Expanding the use of posthumous assisted reproduction technique: Should the deceased’s parents be allowed to use his sperm?

Efrat Ram-Tiktin, Roy Gilbar, Ronit B. Fruchter, Ido Ben-Ami, Shevach Friedler, Einat Shalom-Paz

Research output: Contribution to journalArticlepeer-review

3 Scopus citations

Abstract

The posthumous retrieval and use of gametes is socially, ethically, and legally controversial. In the countries that do not prohibit the practice, posthumous assisted reproduction is usually permitted only at the request of the surviving spouse and only when the deceased left written consent. This paper presents the recommendations of an ethics committee established by the Israeli Fertility Association. In its discussions, the committee addressed the ethical considerations of posthumous use of sperm—even in the absence of written consent from the deceased—at the request of either the spouse or the deceased’s parents who wish to become the offspring’s parents or grandparents. It is concluded that under certain conditions, a request by the deceased’s parents to posthumously use the deceased’s sperm is justified and should be granted.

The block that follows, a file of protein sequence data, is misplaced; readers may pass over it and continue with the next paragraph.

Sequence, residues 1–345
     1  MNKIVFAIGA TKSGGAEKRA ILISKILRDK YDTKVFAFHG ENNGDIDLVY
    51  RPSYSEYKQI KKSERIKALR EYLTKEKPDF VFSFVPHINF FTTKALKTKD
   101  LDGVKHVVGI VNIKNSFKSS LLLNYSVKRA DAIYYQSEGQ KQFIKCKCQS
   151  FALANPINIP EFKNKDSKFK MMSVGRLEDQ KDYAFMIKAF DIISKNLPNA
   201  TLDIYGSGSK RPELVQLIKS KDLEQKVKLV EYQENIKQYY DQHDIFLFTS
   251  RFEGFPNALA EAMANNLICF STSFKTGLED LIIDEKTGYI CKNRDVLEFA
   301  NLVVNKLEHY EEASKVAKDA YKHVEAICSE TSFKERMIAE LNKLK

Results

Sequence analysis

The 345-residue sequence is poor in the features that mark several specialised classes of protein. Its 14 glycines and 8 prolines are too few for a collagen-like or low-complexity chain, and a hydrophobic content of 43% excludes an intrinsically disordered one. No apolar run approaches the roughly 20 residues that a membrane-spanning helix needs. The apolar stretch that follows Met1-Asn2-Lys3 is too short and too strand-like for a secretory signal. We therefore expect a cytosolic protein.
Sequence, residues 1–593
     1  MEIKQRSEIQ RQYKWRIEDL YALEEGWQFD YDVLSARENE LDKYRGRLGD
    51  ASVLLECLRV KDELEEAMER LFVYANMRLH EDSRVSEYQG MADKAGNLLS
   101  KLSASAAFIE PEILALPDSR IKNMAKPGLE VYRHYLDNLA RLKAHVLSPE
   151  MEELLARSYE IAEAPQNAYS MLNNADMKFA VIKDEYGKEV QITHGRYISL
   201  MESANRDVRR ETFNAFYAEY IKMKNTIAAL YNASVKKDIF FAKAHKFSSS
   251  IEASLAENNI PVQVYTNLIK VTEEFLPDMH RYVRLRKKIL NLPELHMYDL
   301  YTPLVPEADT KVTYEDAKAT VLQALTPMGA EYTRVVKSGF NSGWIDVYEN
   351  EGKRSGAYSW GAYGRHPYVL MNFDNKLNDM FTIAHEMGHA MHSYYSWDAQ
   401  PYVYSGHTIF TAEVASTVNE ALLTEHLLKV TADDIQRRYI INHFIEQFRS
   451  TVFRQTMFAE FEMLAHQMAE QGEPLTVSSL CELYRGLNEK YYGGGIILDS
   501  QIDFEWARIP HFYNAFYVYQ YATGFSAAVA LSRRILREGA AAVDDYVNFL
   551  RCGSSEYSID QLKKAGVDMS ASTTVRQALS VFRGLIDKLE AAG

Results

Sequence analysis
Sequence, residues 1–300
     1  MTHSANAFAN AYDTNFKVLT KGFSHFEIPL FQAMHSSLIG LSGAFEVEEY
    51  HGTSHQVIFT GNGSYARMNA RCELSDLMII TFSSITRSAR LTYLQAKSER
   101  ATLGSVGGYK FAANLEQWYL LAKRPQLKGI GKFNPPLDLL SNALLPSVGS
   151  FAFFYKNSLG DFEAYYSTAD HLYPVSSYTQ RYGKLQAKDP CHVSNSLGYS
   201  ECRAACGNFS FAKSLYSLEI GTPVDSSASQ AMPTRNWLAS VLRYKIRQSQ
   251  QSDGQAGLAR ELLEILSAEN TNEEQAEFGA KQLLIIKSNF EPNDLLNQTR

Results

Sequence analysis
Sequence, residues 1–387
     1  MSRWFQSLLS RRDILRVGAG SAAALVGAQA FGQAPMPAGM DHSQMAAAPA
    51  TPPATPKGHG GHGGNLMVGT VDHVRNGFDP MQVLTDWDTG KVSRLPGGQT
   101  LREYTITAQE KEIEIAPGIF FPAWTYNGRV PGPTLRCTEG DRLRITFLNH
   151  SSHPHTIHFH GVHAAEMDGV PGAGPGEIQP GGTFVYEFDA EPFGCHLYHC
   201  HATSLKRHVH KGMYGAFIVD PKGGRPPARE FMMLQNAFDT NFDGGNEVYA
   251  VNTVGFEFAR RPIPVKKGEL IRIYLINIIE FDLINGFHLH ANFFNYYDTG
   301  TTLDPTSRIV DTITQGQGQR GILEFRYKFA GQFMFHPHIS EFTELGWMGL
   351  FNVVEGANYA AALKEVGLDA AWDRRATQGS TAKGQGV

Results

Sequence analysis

Original languageEnglish
Pages (from-to)18-25
Number of pages8
JournalClinical Ethics
Volume14
Issue number1
DOIs
StatePublished - 1 Mar 2019
Externally publishedYes

Keywords

  • Posthumous sperm retrieval
  • ethics
  • gamete retrieval
  • postmortem sperm
  • reproduction

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